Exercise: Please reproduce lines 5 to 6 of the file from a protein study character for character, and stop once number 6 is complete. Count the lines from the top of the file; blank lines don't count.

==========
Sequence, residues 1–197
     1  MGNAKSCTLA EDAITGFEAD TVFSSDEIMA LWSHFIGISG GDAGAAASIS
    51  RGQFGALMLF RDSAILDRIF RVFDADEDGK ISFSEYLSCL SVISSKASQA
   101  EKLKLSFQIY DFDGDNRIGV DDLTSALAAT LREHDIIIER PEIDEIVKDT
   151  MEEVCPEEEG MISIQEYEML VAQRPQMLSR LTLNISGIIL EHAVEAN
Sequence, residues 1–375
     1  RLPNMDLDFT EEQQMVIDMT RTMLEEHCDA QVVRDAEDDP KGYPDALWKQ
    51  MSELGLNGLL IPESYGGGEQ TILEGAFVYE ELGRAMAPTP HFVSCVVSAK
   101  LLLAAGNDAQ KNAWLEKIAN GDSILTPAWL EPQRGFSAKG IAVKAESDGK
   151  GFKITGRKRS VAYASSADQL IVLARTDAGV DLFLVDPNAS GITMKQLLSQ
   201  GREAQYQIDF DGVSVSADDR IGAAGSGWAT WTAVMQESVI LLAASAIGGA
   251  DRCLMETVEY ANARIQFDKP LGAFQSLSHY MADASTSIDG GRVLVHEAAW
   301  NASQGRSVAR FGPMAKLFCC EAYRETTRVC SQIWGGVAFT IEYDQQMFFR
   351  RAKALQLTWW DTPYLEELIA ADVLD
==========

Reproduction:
   151  MEEVCPEEEG MISIQEYEML VAQRPQMLSR LTLNISGIIL EHAVEAN
Sequence, residues 1–375